Paper chromatography is used to separate mixtures of soluble substances and to provide information on the possible identity of the substances present in the mixture. These are often coloured substances such as food colourings, inks, dyes or plant pigments.

A pencil line is drawn across a sheet of chromatography paper and spots of ink or plant dye are placed along it. The paper is held abovea basin containing solvent.

Paper chromatography

1. Spots of ink or plant dye are placed on a pencil line


Chromatography relies on two different 'phases':

The different dissolved substances in a mixture are attracted to the two phases in different proportions. This causes them to move at different rates through the paper.

Interpreting a chromatogram

Separation by chromatography produces a chromatogram. A paper chromatogram can be used to distinguish between pure and impure substances:

  • a pure substance produces one spot on the chromatogram
  • an impure substance produces two or more spots

A paper chromatogram can also be used to identify substances by comparing them with known substances. Two substances are likely to be the same if:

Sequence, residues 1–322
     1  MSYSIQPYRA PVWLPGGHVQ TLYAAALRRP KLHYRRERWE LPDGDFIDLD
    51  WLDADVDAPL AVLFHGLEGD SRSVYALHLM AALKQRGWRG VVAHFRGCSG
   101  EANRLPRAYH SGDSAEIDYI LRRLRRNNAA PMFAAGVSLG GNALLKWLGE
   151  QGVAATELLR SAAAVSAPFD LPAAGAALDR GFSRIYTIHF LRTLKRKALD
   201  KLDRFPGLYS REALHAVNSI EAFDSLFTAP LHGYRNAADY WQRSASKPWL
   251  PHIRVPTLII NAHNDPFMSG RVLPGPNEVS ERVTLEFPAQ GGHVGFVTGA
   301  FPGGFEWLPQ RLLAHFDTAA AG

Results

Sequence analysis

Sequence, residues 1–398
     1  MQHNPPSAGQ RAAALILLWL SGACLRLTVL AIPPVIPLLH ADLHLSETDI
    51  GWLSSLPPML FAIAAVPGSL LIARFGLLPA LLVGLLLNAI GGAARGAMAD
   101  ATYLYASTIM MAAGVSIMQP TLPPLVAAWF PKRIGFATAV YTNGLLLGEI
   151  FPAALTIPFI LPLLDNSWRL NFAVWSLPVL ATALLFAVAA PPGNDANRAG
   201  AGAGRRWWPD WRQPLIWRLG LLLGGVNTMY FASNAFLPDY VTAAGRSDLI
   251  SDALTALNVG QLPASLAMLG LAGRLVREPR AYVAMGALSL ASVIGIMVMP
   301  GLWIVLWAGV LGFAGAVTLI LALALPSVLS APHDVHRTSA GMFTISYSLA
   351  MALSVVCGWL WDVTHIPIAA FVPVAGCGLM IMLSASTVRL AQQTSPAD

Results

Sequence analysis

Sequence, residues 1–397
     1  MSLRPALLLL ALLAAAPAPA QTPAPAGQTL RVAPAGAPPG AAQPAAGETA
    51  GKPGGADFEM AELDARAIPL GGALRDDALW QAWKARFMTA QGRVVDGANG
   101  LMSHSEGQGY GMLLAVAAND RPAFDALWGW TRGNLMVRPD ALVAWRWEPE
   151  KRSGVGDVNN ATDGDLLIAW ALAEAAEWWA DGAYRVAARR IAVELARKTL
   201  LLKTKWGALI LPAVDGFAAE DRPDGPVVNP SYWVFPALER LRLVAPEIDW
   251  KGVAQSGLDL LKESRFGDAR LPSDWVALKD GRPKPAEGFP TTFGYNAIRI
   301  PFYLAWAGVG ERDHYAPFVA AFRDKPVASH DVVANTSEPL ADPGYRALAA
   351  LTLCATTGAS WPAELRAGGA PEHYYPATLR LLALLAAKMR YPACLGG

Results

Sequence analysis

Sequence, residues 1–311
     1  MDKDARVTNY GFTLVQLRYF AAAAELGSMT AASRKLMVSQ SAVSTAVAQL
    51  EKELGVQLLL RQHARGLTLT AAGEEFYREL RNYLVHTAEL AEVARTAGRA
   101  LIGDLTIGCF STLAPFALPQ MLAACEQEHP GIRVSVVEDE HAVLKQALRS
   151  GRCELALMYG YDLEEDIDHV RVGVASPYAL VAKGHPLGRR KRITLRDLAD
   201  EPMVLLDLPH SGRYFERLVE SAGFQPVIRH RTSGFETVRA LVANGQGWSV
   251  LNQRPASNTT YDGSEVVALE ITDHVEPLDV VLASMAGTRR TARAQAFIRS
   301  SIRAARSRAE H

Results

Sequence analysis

• they produce the same number of spots, and these match in colour
  • the spots travel the same distance up the paper (have the same Rf value)
Results of a chromatogram of three pure substances and brown inkInterpreting the chromatogram for a brown ink

In this chromatogram, the brown ink is made of a mixture of the red, blue and yellow inks. This is because the spots in the brown ink are at the same heights (and have the same Rf value) as the reference inks.

Rf values

Rf values can be used to identify unknown chemicals if they can be compared to a range of reference substances. The Rf value is always the same for a particular substance if run in the same solvent system.

The Rf value of a spot is calculated using:

R_{f} = \frac{distance \: travelled \: by \: substance}{distance \: travelled \: by \: solvent}

Rf values vary from 0 (the substance is not attracted to the mobile phase) to 1 (the substance is not attracted to the stationary phase).

Chromatography paper next to a measurement scale, showing the distance travelled by the solvent, and a coloured dot showing the distance travelled by the substanceMeasurements needed to calculate an Rf value